Reimagining retail for the downtown - by Carol Todreas

April 29, 2022 - Retail
Carol Todreas

Before COVID-19, downtown retail had been sliding downwards. A few restaurants and stores were hanging on, but the trajectory was headed south. Now with post- COVID-19 lifestyle changes, old-style retail anywhere has lost its market appeal.

Yet, consumers are shopping and buying goods and services at updated physical stores, and there is demand to go out, to shop, to experience the world beyond the home, to be with other people. Therein lies a grand opportunity to consider downtown as a virgin parcel for development and re-imagine it for our world of need and uncertainty–a locale active day and night for diverse residents, employees, and visitors.

Located centrally for millions of people, replete with public transportation, and of historical interest, downtown is ripe for unique retail to provide a vibrant consumer experience.

Questions are always where to begin. To start the process, here are some ideas for actions that are basic to any program for revitalization

Monthly/Weekly Programs: Concerts, farmers/flea markets, art, antique, culinary, seasonal festivals and pop-up venues. Restaurants and bars with weekly discounts, such as mad Mondays for 50% off for food or thirsty Thursdays 25% off for wine and beer. Happy hour daily.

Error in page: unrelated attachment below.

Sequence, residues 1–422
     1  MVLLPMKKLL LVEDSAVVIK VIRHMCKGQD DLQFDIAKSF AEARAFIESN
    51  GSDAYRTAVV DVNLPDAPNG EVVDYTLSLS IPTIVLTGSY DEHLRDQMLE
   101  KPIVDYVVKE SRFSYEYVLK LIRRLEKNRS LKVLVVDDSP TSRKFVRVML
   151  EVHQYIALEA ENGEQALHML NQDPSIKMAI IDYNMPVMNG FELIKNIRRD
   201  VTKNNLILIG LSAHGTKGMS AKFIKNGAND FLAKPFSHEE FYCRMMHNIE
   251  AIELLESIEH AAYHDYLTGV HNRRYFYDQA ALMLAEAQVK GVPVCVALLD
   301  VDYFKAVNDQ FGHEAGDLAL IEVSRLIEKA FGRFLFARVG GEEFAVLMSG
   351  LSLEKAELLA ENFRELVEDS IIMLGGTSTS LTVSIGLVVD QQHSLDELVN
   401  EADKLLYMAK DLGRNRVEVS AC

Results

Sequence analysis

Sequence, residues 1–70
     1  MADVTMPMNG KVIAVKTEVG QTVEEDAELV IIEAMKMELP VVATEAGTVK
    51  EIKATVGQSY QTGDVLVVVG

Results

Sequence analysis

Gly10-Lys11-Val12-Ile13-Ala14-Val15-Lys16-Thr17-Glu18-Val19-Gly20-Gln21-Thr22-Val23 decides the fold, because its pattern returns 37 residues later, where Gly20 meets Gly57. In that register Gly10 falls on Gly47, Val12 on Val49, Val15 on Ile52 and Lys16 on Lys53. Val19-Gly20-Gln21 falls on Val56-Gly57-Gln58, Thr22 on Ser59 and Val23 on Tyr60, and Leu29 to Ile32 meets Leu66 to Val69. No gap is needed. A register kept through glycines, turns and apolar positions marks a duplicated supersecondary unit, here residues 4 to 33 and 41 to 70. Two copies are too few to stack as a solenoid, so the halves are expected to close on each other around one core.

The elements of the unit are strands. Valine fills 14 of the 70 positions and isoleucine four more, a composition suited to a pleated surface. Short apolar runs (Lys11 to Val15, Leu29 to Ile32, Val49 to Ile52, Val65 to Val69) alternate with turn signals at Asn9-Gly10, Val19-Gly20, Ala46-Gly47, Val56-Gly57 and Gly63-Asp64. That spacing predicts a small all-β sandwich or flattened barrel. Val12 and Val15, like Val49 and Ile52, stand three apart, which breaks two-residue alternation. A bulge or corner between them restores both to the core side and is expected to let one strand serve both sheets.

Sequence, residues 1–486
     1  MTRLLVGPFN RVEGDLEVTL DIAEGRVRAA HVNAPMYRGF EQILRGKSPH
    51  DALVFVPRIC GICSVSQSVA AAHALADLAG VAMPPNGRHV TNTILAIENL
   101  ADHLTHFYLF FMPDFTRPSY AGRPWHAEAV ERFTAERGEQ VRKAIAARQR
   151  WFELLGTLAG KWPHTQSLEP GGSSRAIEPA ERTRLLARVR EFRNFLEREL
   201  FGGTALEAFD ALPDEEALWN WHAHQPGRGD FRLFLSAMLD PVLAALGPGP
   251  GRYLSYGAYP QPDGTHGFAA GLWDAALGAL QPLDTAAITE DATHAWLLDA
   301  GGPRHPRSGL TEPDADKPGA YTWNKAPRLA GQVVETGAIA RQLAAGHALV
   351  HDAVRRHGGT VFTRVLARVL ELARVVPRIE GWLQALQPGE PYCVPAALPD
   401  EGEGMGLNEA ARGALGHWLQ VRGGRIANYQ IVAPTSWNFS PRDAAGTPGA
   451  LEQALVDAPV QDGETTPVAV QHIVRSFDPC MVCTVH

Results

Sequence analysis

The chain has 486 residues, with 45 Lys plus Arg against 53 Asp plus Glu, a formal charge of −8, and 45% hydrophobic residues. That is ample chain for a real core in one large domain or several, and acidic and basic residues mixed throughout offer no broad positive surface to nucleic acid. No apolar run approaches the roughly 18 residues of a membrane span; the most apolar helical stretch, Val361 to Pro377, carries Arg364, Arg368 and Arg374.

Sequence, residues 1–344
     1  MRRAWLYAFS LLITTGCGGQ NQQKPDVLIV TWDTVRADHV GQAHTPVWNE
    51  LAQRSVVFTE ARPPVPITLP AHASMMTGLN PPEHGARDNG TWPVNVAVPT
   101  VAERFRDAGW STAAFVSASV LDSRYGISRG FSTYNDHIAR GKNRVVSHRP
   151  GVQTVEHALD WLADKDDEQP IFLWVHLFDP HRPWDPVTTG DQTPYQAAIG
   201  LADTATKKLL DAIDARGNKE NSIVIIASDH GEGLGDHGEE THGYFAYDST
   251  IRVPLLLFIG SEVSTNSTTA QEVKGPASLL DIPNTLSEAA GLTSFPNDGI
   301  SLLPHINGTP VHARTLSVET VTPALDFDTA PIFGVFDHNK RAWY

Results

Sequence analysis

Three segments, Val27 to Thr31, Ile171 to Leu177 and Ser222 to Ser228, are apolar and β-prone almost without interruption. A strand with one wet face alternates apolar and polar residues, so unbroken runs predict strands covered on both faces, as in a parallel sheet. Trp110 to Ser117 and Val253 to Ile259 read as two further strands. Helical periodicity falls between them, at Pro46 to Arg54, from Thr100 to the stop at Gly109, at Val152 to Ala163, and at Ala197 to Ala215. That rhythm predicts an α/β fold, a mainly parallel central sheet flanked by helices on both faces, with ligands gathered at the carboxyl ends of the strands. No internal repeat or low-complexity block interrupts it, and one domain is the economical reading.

Safe and Clean: Downtown must be safe and clean. Appoint a team and budget for streets, sidewalks, and landscaping to make certain each street has curb and pedestrian appeal. Create plazas and car-free streets for pedestrians with clearly defined parking places and signage, even if only on the weekends. Give Downtown special patrols for security. Consider making it an honor for students to assist with security, and/or designate only women for certain days of the week.

Vibrant Night Life/Entertainment: Boston needs to be appealing as a place for tourists, conventions, and conferences. To compete with other cities and to satisfy a regional void, downtown needs a variety of venues to include speakeasy’s, sports bars, jazz and comedy clubs, bodegas, beer halls, wine bars, restaurants, coffee and tea cafes. Strolling musicians and live music in restaurants should be everywhere. Multi-media exhibits, rehearsal, dance, and sound studios, small stages for little theaters, and specialty gyms should reside in retail spaces.

Programs for New Stores and Services: Celebrate diversity. Stores and restaurants inspired from the mix of peoples and culture found in Boston’s neighborhoods should abound in downtown. New stores should use larger retail spaces for both sales and distribution. Some larger spaces should be designated for small scale manufacturing of products to sell. The mix should include retail incubators, high tech stores that focus on user participation, such as national brand sports stores and new local concepts that combine merchandise categories, e.g., cafes with books and clothes. Small scale neighborhood retail spaces are needed to provide convenience goods and services for downtown residents.

Downtown can be an exciting and lively destination. The demand by consumers for physical stores is real. Downtown is the frontier for new lifestyles: live, work, and recreation. Retail is fundamental to the change.

Carol Todreas is a principal at Todreas Hanley Associates, Cambridge, Mass.



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